Esther Kang

Dead pig found outside Republican headquarters in Manhattan Beach

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republican party headquarters manhattan beach

The dead pig was left at the entrance of the Republican Party headquarters on Highland Avenue in Manhattan Beach early Thursday morning. Manhattan Beach Police Animal Control has since removed the carcass. PHOTO BY ESTHER KANG

Just two days after Election Day, a dead pig clad in a blue Mitt Romney T-shirt was found early Thursday on the doorstep of the local Republican Party headquarters in Manhattan Beach.

According to ABC7, passersby noticed the carcass as early as 6:30 a.m. on the sidewalk in front of the building, which is located on Highland Avenue and 40th Street. One witness told the news outlet that the pig’s head was cut in half and wrapped in barbed wire.

Manhattan Beach Police Animal Control later removed the carcass and took it in as evidence in the investigation.

Manhattan Beach detective Mike Rosenberger said police will handle this case as an improper disposal of carcass or illegal dumping of trash at this point, dismissing the notion that a hate crime was committed.

“Does it have to do with disability, gender, nationality, race or ethnicity, religion or sexual orientation?” Rosenberger said. “Everyone needs to take a breath and look up the definition of a hate crime and realize that ain’t it … To my knowledge, there’s no other crime.”

Bob Holmes, the district chairman and former city mayor, said that the politically motivated incident is not an anomaly, as the Manhattan Beach office has suffered similar cases in the past.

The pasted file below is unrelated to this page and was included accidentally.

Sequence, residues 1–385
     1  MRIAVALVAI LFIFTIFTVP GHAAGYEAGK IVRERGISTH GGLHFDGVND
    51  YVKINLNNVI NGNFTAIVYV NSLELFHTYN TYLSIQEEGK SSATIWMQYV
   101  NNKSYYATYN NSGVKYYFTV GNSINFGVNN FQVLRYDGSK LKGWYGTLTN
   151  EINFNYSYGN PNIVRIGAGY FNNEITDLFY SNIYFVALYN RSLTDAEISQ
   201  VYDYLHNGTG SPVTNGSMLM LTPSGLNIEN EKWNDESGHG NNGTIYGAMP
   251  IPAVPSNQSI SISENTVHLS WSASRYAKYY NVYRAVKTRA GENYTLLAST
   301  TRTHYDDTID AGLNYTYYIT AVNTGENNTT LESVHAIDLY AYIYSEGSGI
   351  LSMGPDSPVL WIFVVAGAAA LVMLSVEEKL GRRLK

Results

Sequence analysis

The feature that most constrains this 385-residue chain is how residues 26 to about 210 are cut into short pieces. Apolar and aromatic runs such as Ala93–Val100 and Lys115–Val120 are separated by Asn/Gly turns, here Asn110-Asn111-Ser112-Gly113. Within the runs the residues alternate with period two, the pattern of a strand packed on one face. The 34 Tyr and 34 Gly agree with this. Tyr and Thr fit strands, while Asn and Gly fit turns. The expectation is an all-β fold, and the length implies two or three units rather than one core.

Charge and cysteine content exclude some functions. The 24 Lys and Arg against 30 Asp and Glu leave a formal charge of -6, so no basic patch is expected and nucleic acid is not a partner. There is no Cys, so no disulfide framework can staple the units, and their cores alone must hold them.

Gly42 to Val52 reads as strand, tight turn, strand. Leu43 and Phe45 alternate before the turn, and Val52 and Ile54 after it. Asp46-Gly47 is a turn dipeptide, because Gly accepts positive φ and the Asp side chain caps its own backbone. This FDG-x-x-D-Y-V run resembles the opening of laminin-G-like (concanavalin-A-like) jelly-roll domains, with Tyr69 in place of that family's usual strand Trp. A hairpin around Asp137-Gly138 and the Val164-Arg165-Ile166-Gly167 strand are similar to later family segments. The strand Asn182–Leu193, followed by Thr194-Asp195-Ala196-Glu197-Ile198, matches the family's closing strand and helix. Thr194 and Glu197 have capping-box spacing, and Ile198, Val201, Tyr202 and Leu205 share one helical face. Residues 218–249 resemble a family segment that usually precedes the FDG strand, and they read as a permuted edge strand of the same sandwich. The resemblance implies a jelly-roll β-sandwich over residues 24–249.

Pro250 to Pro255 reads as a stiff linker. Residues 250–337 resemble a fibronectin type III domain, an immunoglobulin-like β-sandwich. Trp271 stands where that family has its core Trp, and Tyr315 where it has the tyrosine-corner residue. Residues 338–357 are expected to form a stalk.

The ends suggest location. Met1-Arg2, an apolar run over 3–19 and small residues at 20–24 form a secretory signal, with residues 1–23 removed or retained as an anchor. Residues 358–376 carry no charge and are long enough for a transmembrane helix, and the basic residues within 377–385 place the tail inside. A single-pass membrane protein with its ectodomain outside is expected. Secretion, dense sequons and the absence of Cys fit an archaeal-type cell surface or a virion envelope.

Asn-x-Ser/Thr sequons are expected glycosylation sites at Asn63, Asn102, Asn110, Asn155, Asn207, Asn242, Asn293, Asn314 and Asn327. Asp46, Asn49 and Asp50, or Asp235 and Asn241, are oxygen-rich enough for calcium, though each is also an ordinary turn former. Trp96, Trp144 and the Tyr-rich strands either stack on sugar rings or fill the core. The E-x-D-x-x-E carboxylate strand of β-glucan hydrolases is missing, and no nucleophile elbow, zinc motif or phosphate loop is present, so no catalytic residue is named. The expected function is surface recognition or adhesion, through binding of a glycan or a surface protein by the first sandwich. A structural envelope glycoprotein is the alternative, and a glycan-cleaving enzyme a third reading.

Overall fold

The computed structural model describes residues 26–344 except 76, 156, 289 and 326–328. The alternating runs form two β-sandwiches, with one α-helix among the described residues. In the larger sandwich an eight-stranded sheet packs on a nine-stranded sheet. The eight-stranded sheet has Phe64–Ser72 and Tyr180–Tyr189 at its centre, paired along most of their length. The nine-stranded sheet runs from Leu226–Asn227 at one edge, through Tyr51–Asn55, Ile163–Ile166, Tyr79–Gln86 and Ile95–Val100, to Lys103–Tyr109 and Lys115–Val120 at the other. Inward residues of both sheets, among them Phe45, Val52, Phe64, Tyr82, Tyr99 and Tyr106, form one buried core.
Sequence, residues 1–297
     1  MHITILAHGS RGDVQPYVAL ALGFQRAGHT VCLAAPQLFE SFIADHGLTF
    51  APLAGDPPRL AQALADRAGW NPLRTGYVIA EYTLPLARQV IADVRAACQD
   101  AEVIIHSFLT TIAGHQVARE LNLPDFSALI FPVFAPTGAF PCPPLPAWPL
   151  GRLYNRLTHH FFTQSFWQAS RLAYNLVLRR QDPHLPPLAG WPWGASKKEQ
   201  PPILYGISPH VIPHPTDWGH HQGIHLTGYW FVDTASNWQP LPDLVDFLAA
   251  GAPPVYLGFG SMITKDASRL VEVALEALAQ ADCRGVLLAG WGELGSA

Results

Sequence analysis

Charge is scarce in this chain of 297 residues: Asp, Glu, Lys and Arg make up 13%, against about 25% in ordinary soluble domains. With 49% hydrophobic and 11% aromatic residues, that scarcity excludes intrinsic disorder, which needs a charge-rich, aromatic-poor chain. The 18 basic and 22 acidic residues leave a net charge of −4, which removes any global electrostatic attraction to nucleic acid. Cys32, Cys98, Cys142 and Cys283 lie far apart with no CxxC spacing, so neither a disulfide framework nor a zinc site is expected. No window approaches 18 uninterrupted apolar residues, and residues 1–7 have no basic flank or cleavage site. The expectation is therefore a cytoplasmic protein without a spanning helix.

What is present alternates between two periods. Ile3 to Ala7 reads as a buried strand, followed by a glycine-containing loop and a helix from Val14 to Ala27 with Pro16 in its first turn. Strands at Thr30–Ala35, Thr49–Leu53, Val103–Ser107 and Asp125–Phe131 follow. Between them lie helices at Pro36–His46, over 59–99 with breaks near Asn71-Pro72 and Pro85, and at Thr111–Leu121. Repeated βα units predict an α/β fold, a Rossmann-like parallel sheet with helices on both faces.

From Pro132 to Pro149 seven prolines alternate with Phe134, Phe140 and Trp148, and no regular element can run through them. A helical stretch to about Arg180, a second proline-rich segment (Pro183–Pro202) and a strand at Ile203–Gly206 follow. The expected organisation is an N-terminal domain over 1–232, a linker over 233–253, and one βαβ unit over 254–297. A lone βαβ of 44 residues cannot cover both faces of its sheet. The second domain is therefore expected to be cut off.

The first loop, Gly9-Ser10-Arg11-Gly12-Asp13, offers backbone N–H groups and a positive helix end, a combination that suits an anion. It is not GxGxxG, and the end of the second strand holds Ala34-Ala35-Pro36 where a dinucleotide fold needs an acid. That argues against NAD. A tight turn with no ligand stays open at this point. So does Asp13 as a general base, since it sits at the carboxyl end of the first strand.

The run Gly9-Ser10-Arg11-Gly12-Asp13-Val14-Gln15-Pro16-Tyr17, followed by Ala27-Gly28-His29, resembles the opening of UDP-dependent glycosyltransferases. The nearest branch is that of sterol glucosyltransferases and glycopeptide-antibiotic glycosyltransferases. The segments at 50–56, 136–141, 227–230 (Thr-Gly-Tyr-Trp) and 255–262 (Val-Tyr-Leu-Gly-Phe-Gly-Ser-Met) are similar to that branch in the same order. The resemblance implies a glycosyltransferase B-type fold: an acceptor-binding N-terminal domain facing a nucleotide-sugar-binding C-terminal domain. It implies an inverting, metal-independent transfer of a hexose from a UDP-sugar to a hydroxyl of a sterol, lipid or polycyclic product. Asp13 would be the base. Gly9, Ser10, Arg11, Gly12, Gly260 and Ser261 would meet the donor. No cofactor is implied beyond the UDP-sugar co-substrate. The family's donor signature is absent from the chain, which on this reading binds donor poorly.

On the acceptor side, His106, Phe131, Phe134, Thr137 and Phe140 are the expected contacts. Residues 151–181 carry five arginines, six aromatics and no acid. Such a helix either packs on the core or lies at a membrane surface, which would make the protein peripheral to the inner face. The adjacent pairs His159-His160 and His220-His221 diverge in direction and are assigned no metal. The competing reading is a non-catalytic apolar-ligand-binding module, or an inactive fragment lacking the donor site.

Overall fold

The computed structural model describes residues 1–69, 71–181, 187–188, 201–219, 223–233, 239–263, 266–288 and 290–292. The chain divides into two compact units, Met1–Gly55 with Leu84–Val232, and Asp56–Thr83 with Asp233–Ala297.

“It simply is another unfortunate case of vandalism that we’ve suffered over the years,” Holmes said. “It’s just a shame that those who disagree with us can’t engage in a civil discourse and stake their position in the way that we’d like to think democracy works.”

In December of 2007, the headquarters saw its front windows covered with anti-war, anti-Republican posters.

However, Holmes said his party remains undeterred by such acts of vandalism.

“We’ll continue to represent our views and our philosophy and hopefully our opponents can find a more legal, mature way to express their disagreement,” he said.

Tony Hales, a local Democratic party leader, called the vandalism a  “repugnant act” and offered condolences to his Republican counterparts.

“This kind of behavior has no place in our political debate and should be condemned by both sides,” Hales wrote in a statement. “I don’t know anyone in our local Democratic community who has ever shown any inclination toward such actions.  Although it is easy to assume a partisan motivation for this disgusting stunt, we should not jump to conclusions.  This is likely to be the exploit of an individual who is not fully involved in the political process.”

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